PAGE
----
Tag Archives: Italians in Australia

Saluti a Nonno Anni…

It’s Nonno Anni’s birthday in a few days so there was once a time when all the family would be getting together this weekend at my grandparents’ house. Several tables would be pushed together, Nanna Francesca would cook huge bowls of pasta and either polpette or cotolette, and of course there’d be cake, champagne and maybe Franjelico, or Sambuca with a coffee bean lit on top.

Although Nonno Anni has been gone some while now, I still miss him terribly but I’m so grateful for the times we had and so on October 21st will raise a glass, or a polpette, to Annibale (Joe) who continues to inspire me. xxx

(For the record, that air-conditioner behind Nonno Anni in this photo is the one I wrote about that Nanna Francesca refused to let me turn on even on the hottest days because it created a ‘cold draught’!!) 😊

Buon compleanno, Nonno, con amore sempre. Tante cose belle. Zoë xx

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Don’t know what it is, but just like “spectacle maker” so much more than “optometrist”.

{And the café next door run by Abruzzese Italians has brilliant coffee.}

Castlemaine, Victoria.

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spaghetti per cena…

This is one of the first photographs I chose that I hoped would make the cover of Mezza Italiana (it’s on the back). Taken in the 1960s, it was dinner for my uncle’s birthday and one of the rare times the family got to eat together since one of my grandparents were usually doing a shift at their milk bar.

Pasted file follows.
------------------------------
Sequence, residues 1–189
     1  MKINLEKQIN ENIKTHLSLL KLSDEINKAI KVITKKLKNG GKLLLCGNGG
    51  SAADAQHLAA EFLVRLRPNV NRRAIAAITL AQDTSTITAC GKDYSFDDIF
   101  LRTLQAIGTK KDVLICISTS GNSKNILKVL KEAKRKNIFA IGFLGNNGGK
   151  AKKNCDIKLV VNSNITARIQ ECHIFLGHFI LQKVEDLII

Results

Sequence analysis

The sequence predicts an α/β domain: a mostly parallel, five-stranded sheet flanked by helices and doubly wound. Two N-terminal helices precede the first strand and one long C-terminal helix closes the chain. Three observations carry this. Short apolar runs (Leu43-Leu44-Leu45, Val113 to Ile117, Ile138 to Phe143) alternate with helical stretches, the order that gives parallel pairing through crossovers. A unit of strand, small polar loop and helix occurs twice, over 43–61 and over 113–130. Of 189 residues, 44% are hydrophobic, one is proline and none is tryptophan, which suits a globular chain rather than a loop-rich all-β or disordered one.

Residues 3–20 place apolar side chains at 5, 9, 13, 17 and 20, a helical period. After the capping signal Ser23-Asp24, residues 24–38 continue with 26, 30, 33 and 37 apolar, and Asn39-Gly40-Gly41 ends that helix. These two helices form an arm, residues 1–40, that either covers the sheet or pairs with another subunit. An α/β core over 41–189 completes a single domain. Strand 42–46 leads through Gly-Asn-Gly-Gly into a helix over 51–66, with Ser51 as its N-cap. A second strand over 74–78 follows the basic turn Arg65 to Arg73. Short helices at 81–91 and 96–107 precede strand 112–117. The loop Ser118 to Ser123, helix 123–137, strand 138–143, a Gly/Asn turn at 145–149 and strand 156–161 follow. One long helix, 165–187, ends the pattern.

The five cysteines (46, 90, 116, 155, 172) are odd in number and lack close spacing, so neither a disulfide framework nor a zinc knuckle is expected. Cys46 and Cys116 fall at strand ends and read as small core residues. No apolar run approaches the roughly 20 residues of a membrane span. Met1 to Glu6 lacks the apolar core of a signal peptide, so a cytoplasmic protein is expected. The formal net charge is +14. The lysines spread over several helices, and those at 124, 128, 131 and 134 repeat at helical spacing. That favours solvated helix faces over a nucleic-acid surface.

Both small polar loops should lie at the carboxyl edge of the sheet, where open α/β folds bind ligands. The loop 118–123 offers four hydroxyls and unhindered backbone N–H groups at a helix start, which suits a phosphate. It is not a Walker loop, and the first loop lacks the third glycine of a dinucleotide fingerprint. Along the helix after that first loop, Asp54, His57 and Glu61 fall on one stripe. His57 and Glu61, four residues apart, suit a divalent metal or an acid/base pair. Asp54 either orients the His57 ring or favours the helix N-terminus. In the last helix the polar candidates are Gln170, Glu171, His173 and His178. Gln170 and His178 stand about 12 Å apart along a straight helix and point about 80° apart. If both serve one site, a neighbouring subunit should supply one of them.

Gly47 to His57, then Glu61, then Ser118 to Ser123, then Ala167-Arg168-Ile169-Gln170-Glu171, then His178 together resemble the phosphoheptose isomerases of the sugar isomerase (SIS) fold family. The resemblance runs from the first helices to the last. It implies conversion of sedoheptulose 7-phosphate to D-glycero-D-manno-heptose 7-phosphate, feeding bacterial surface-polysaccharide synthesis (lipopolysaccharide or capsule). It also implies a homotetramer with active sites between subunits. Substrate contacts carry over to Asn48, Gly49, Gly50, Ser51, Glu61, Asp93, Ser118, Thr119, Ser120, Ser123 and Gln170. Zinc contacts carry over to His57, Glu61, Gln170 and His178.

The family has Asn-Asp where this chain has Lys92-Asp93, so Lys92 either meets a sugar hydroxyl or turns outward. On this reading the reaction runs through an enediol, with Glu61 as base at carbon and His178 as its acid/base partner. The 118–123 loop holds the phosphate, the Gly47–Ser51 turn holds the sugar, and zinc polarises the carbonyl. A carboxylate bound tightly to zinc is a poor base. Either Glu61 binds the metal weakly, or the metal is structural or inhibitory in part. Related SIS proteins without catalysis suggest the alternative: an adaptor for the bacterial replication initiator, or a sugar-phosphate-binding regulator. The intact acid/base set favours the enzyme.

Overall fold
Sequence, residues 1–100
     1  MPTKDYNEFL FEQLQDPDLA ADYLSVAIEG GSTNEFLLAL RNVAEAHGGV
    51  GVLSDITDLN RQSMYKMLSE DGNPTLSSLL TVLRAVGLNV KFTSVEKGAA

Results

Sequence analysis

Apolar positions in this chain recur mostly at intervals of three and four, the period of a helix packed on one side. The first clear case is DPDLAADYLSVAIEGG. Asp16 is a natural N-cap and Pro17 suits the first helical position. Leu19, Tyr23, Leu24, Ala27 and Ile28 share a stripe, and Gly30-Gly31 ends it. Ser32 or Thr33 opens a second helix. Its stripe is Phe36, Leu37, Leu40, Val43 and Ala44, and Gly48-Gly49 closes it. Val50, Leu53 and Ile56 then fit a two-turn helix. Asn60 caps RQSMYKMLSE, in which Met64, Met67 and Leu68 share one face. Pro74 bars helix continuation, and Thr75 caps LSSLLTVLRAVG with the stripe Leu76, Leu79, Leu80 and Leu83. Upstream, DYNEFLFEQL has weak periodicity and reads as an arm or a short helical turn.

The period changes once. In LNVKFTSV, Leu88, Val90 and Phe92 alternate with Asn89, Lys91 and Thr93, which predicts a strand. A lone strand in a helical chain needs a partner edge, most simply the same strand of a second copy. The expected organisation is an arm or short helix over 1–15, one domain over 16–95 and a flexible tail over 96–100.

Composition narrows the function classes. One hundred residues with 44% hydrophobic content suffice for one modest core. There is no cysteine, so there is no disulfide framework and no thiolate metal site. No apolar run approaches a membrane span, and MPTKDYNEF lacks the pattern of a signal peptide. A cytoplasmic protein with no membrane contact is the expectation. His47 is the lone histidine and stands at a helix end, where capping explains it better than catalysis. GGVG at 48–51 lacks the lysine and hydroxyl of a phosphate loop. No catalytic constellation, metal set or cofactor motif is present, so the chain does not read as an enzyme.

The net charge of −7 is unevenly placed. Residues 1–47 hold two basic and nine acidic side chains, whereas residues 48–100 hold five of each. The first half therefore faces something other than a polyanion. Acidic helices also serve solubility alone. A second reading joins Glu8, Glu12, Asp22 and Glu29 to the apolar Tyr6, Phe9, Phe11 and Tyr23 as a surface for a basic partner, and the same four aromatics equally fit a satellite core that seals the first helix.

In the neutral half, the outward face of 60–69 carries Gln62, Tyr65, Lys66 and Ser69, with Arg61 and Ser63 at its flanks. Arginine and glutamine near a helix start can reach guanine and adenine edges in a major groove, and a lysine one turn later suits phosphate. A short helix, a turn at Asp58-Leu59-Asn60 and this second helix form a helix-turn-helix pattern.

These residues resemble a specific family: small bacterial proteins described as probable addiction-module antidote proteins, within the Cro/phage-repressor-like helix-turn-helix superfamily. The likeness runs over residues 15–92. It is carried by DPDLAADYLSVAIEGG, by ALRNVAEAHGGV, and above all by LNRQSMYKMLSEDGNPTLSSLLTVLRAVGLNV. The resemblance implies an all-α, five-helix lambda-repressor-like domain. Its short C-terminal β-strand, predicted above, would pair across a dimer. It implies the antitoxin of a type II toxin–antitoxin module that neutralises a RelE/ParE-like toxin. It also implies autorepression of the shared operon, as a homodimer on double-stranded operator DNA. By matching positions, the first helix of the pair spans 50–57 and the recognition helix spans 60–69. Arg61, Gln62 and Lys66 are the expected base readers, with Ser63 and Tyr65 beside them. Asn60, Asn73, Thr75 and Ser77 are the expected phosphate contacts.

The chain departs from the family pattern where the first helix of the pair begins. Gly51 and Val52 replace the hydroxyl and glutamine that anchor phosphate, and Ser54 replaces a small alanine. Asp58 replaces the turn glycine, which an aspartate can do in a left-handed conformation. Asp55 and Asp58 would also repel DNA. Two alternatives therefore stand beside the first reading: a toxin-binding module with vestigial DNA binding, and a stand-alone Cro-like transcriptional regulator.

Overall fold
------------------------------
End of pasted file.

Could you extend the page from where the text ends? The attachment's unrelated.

I love how the young, fair-haired friend (second from left) looks happy to be at the dinner table eating spaghetti among three generations of an Italian family (reminds me a bit of how Roger was when he first came to eat at my grandparents’ house). And of course that is my Dad in the front right corner, being his usual larrikin self!

 

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a stone house among the lavender…

Swiss Italian, Aquilino Tinetti originally built this stone farmhouse at Shepherds Flat in central Victoria circa 1860. He and his wife Maria had thirteen children and the 100 acres were run as a dairy farm for the next 120 years.

In the 1980s, Carol White purchased the property, restored the historic stone buildings and planted lavender and it is now called Lavandula.

It is a beautiful place to visit and as part of research for the next book especially interesting for me to see the original 19th century farmhouse set up including a great cellar below a very steep, internal staircase, and also some friends in the kitchen garden…

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